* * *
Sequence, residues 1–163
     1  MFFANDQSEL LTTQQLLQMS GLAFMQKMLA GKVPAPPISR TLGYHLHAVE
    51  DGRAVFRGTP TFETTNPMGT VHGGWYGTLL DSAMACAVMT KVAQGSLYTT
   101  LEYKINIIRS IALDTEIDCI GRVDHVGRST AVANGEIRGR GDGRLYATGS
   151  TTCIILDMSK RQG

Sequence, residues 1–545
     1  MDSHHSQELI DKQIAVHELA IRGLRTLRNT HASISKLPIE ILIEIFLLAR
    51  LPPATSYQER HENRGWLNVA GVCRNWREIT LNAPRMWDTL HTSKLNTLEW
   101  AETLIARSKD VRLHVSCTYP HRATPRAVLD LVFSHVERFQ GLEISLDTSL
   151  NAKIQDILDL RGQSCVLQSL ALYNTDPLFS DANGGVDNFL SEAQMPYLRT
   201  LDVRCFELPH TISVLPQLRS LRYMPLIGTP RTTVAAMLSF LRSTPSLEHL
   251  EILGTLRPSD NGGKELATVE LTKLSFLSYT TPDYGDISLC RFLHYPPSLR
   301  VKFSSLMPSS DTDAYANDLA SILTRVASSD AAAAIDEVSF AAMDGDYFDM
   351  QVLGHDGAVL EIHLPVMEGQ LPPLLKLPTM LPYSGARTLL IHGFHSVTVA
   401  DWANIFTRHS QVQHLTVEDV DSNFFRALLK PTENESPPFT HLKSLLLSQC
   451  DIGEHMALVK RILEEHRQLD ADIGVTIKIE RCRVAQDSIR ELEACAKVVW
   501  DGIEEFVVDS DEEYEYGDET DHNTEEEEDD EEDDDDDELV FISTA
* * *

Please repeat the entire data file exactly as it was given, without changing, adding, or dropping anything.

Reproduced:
Sequence, residues 1–163
     1  MFFANDQSEL LTTQQLLQMS GLAFMQKMLA GKVPAPPISR TLGYHLHAVE
    51  DGRAVFRGTP TFETTNPMGT VHGGWYGTLL DSAMACAVMT KVAQGSLYTT
   101  LEYKINIIRS IALDTEIDCI GRVDHVGRST AVANGEIRGR GDGRLYATGS
   151  TTCIILDMSK RQG

Sequence, residues 1–545
     1  MDSHHSQELI DKQIAVHELA IRGLRTLRNT HASISKLPIE ILIEIFLLAR
    51  LPPATSYQER HENRGWLNVA GVCRNWREIT LNAPRMWDTL HTSKLNTLEW
   101  AETLIARSKD VRLHVSCTYP HRATPRAVLD LVFSHVERFQ GLEISLDTSL
   151  NAKIQDILDL RGQSCVLQSL ALYNTDPLFS DANGGVDNFL SEAQMPYLRT
   201  LDVRCFELPH TISVLPQLRS LRYMPLIGTP RTTVAAMLSF LRSTPSLEHL
   251  EILGTLRPSD NGGKELATVE LTKLSFLSYT TPDYGDISLC RFLHYPPSLR
   301  VKFSSLMPSS DTDAYANDLA SILTRVASSD AAAAIDEVSF AAMDGDYFDM
   351  QVLGHDGAVL EIHLPVMEGQ LPPLLKLPTM LPYSGARTLL IHGFHSVTVA
   401  DWANIFTRHS QVQHLTVEDV DSNFFRALLK PTENESPPFT HLKSLLLSQC
   451  DIGEHMALVK RILEEHRQLD ADIGVTIKIE RCRVAQDSIR ELEACAKVVW
   501  DGIEEFVVDS DEEYEYGDET DHNTEEEEDD EEDDDDDELV FISTA